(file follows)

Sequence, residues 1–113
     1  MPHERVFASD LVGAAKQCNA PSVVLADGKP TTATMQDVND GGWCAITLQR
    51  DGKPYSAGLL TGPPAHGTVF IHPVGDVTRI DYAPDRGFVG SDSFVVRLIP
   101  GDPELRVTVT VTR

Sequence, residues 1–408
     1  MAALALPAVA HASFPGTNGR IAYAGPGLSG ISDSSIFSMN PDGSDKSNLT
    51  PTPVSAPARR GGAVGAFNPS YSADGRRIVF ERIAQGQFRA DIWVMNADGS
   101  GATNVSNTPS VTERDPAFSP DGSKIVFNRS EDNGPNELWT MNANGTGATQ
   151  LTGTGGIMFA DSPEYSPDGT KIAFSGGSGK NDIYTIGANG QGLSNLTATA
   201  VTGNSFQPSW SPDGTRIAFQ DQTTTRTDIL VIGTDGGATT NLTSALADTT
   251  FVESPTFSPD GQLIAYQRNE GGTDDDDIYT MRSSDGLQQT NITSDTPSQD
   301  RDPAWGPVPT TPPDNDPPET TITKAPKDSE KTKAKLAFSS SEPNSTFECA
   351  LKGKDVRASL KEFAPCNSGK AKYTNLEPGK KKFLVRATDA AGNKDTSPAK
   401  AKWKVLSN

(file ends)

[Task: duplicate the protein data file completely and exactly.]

Sequence, residues 1–113
     1  MPHERVFASD LVGAAKQCNA PSVVLADGKP TTATMQDVND GGWCAITLQR
    51  DGKPYSAGLL TGPPAHGTVF IHPVGDVTRI DYAPDRGFVG SDSFVVRLIP
   101  GDPELRVTVT VTR

Sequence, residues 1–408
     1  MAALALPAVA HASFPGTNGR IAYAGPGLSG ISDSSIFSMN PDGSDKSNLT
    51  PTPVSAPARR GGAVGAFNPS YSADGRRIVF ERIAQGQFRA DIWVMNADGS
   101  GATNVSNTPS VTERDPAFSP DGSKIVFNRS EDNGPNELWT MNANGTGATQ
   151  LTGTGGIMFA DSPEYSPDGT KIAFSGGSGK NDIYTIGANG QGLSNLTATA
   201  VTGNSFQPSW SPDGTRIAFQ DQTTTRTDIL VIGTDGGATT NLTSALADTT
   251  FVESPTFSPD GQLIAYQRNE GGTDDDDIYT MRSSDGLQQT NITSDTPSQD
   301  RDPAWGPVPT TPPDNDPPET TITKAPKDSE KTKAKLAFSS SEPNSTFECA
   351  LKGKDVRASL KEFAPCNSGK AKYTNLEPGK KKFLVRATDA AGNKDTSPAK
   401  AKWKVLSN